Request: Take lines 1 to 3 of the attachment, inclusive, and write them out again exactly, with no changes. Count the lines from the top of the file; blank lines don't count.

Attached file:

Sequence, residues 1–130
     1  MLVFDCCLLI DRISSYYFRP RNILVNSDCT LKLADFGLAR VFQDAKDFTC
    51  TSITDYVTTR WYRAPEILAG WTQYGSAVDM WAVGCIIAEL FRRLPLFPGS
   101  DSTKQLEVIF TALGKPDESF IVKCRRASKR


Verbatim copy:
Sequence, residues 1–130
     1  MLVFDCCLLI DRISSYYFRP RNILVNSDCT LKLADFGLAR VFQDAKDFTC
    51  TSITDYVTTR WYRAPEILAG WTQYGSAVDM WAVGCIIAEL FRRLPLFPGS